The second offer was for $146,500. We signed the papers immediately and it went into escrow. The new loan charges of $4000 were paid from our side of the ledger. That means that the buyer put no money down and we paid his bank fees. That's the way the real estate agents and banks kept raising the prices on real estate. The buyer would make an offer, and the banks would allow all banking fees for new loans be added to the price to raise the apparent value of the home. That new price became the sale value that taxes were levied on, and the value as listed on the sales reports of real estate firms.

In the old days, and again now, the buyer must put those fees up as a down payment plus at least 20% of the purchase price. In this case the buyer should have put up at least $29,000 down payment.

He didn't, and the property was listed in the newspaper within the next couple of  years as in default. The buyer could not really afford the home, yet everyone was pushing for that price, that buyer, and that loan. If he would have had to put up the $29,000 down he couldn't have and wouldn't have purchased the home.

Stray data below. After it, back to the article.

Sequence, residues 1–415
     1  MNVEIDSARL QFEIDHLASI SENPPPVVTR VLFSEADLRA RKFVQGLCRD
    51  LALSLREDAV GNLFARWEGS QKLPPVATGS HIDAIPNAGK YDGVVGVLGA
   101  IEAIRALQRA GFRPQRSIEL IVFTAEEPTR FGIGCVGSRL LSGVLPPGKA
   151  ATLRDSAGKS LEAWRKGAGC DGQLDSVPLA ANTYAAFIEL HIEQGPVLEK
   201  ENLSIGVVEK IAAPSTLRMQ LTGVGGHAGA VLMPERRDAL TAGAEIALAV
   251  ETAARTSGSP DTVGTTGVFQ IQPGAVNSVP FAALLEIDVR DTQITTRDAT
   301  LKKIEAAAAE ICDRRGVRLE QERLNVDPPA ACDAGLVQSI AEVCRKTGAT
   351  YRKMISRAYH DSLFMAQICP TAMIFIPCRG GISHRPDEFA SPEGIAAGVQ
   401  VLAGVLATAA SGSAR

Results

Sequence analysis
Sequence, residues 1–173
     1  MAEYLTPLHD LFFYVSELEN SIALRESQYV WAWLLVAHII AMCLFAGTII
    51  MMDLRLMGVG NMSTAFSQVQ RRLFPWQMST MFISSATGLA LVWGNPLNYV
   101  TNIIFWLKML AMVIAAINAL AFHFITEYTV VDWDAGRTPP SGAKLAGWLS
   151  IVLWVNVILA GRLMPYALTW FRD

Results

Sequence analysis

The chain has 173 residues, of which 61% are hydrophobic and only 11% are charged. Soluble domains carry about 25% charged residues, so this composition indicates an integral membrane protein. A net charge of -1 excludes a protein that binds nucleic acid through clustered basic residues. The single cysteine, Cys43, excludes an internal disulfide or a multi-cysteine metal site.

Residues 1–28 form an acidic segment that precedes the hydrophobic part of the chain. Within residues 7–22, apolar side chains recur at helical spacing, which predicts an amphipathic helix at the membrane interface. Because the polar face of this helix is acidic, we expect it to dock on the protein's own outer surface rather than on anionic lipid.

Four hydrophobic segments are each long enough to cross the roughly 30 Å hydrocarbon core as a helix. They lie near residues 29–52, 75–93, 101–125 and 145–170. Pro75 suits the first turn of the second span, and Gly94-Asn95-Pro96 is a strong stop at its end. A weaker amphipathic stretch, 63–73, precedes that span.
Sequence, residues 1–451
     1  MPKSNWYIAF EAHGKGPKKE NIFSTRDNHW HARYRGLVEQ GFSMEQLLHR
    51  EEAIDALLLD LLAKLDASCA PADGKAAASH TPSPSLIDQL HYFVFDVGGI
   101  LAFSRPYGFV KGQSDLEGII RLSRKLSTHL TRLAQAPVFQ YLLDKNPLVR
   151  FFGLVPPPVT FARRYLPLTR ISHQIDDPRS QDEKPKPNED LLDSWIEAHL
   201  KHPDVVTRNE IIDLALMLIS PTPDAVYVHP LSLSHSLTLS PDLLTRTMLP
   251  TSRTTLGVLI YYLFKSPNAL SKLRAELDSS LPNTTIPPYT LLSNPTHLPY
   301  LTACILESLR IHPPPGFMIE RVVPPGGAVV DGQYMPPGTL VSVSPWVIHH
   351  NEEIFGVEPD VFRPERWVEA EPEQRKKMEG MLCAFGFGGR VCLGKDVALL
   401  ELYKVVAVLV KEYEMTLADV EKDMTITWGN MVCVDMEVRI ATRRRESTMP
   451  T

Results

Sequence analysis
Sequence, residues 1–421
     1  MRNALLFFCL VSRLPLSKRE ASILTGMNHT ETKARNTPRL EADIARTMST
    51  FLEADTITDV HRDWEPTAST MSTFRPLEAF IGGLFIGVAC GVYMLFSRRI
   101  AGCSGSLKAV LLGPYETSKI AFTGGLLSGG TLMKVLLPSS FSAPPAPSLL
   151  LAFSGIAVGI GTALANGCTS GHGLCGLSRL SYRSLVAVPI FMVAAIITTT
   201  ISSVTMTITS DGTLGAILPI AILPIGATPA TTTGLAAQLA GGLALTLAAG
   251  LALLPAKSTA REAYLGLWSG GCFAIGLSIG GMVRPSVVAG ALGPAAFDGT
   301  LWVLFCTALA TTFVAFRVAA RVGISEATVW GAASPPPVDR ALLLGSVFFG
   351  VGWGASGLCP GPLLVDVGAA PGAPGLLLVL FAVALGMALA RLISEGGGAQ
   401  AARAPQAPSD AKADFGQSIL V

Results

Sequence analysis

This is the price, $59,300 that the property has fallen to today, March, 2012
We actually had the same kind of situation all over the United States that existed in boom lumbering and mining towns. The ore, or timber ran out. Only this time the "ore, or timber," were the regulations that allowed and even encouraged lending intitutions to make dumb loans. It became apparent that buyers everywhere were in over their heads. No one would lend at the same price again. Prices began dropping until they will eventually reach a level that old fashioned bankers will approve.